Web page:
Taylor Phinney: “I have to thank the team for my Olympic fourth place”
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Saturday, July 28, 2012

Taylor Phinney: “I have to thank the team for my Olympic fourth place”

by Ben Atkins at 5:08 PM EST   comments
Categories: Pro Cycling, Olympics
22-year-old American just misses out on the medals, but goes one better than his father

taylor phinneyTaylor Phinney came within a whisker of taking the United States’ first medal in the men’s Olympic road race since Alexi Grewal took Gold on the nations home roads, in Los Angeles 1984, the year that Phinney’s mother, Connie Carpenter also won the women’s race. With the Gold and Silver having gone up the road, with Kazakhstan’s Alexandre Vinokourov and Colombia’s Rigoberto Uran, Phinney found himself sprinting for a possible bronze on the Mall, but was unable to overcome Norwegian sprinter Alexander Kristoff in the dash for the line.

"Some would call fourth place the worst to arrive at the Olympics, but I won't focus on that,” he said. “I'll get over it but first I have to thank the team."

The 22-year-old, who won the opening time trial stage of the Giro d’Italia in May, was not alone in the large breakaway group as he was led to the line by Tejay van Garderen, who recently finished fifth in the Tour de France.

“Pretty amazing to have the white jersey at the Tour de France give up his ride for you, so it’s the least I could do to get fourth,” said Phinney after the finish. “Alexander Kristoff, I've never beaten him in a sprint before. He's a true sprinter and I wouldn't necessarily call myself that. I was beaten by a better man. It's too bad those two guys got off the front, but they deserve it if they could get away and Kristoff deserves the bronze.”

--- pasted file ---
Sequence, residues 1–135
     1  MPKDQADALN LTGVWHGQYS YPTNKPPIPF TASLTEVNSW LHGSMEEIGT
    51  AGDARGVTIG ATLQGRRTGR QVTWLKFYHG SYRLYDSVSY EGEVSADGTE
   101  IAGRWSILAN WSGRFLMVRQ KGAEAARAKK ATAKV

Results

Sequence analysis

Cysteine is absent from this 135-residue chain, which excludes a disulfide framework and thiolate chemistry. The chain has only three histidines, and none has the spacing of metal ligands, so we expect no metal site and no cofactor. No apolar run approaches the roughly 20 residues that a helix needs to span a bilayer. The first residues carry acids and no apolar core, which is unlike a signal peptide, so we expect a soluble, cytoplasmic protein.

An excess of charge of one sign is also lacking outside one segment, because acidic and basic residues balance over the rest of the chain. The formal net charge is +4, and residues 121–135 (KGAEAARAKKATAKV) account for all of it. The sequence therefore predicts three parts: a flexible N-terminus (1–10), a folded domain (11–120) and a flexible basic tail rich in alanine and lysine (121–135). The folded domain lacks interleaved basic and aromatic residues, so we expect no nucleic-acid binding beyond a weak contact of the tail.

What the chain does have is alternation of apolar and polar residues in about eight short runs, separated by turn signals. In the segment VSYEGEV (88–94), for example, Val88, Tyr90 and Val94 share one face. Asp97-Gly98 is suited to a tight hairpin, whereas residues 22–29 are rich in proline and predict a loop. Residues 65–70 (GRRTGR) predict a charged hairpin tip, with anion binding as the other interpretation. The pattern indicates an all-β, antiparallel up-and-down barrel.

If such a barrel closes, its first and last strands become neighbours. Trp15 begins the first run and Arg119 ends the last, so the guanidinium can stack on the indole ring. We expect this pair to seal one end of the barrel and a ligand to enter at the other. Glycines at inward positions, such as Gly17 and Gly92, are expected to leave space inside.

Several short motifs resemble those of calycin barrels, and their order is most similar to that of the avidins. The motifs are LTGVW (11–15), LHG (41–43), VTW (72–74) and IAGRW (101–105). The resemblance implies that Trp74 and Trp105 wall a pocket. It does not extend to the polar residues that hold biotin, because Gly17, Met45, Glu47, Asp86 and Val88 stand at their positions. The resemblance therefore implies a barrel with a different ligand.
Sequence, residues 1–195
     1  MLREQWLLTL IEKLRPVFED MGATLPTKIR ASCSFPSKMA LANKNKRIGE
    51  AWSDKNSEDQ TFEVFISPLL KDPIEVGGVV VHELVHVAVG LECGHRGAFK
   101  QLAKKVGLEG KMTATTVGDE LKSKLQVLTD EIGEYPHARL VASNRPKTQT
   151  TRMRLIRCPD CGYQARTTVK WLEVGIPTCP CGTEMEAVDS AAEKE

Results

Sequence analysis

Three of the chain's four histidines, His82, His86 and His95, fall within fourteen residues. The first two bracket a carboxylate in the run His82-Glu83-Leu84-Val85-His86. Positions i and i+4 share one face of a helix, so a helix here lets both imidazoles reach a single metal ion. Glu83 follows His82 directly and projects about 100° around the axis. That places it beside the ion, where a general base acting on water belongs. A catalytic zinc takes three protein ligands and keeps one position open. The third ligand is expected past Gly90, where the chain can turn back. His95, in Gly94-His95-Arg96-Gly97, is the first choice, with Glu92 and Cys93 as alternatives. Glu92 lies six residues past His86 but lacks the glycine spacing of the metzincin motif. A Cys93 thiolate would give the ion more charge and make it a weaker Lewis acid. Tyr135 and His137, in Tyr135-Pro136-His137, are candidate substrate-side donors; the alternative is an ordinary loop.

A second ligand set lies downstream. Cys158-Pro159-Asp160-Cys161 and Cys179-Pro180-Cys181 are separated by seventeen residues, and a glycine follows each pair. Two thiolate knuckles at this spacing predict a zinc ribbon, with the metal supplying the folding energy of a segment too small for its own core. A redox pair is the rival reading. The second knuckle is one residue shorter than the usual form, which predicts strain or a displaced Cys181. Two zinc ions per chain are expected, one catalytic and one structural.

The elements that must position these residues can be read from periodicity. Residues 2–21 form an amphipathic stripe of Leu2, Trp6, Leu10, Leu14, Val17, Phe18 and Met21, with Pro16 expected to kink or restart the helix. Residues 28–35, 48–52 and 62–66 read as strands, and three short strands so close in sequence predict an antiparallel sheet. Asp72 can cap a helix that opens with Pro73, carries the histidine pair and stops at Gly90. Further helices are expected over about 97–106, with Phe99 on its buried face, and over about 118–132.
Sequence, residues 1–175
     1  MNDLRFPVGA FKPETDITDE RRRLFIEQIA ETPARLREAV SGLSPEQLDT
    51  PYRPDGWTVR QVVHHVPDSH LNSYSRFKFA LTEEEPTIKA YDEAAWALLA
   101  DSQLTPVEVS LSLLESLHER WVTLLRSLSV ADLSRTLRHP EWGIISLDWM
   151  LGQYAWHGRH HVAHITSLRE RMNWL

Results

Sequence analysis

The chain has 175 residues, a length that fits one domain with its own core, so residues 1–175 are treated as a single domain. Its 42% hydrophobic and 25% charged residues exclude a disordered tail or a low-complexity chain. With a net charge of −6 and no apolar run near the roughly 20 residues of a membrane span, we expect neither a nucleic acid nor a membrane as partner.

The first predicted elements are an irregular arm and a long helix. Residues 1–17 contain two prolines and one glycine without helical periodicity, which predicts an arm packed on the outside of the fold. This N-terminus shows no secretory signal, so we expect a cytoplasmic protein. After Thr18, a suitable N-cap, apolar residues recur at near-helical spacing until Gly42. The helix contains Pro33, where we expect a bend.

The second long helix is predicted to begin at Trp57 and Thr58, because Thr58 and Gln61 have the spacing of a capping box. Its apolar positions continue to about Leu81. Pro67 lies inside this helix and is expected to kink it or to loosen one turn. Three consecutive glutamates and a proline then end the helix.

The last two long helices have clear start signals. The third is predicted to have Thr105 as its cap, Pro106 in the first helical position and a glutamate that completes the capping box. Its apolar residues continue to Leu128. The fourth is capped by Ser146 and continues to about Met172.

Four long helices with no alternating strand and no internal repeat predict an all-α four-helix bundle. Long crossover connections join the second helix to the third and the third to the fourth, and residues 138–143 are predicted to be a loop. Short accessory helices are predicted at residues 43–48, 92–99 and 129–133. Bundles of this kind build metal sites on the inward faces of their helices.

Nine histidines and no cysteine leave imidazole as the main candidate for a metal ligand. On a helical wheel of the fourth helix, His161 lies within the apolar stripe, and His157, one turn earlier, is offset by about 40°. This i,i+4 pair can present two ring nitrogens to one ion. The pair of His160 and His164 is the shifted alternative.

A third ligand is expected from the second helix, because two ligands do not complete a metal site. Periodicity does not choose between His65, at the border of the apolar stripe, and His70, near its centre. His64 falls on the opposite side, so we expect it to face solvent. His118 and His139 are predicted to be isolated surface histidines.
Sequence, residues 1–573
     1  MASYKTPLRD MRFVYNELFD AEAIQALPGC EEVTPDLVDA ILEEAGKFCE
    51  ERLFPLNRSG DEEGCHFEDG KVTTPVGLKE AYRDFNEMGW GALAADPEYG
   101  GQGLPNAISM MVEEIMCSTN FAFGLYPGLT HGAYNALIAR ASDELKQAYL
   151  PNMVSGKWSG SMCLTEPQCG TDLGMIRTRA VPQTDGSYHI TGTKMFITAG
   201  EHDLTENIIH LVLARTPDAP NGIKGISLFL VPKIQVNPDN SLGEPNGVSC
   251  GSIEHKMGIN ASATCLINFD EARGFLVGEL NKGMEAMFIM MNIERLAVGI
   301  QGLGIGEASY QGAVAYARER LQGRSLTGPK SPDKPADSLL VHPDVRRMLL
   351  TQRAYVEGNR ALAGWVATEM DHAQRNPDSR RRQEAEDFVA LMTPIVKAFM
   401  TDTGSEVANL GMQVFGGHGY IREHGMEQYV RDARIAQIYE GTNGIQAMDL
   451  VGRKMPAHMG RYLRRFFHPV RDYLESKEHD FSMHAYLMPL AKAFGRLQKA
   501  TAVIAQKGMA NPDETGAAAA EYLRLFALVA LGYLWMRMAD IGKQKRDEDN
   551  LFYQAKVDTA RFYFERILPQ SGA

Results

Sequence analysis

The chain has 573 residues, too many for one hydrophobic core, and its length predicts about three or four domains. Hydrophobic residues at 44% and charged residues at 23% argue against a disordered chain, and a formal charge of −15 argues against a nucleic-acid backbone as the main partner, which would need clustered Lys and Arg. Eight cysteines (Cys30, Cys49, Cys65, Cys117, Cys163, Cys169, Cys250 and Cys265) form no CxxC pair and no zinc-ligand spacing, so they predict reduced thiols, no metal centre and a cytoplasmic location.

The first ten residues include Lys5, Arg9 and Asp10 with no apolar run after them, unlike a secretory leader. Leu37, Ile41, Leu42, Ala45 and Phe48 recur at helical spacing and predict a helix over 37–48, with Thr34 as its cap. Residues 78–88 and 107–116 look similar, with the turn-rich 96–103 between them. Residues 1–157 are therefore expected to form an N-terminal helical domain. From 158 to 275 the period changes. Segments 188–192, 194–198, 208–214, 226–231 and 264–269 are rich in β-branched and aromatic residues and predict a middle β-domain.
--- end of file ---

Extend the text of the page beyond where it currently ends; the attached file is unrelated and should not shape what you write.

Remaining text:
With fourth place Phinney follows in the wheel tracks of Bob Mionske in Seoul 1988, and Frankie Andreu in Barcelona 1992, but does go one better than his father Davis Phinney, who was fifth in 1984.

Like many of the other big teams in the race, the United States managed to get a rider into the early breakaway, in national champion Timmy Duggan, with Phinney and van Garderen bridging later on. The number of top riders in the front group put pressure on Great Britain to chase, but the home team was unable to close the race down; despite the nine laps around the Box Hill circuit, the break was able to stay away.

“The inside of my legs started cramping in laps eight and nine,” explained Phinney. “I really felt terrible in the last 40 kilometres. As we got closer to the finish, the crowds were so loud and Tejay had been doing such a good job, it kinda hit me that this is the Olympics and I'm going for a medal right now and this isn't going to happen again - at least not in the near future.”

Like many riders, Phinney was struck by the support given to the Olympic peloton by the thousands of spectators that line the London and Surrey course.

“It was a wall of sound,” said Phinney. “It definitely helped bring me home.”

Phinney will now look ahead to the Olympic time trial, which will start and finish at Hampton Court - Henry VII’s palace - on Wednesday, August 1st.


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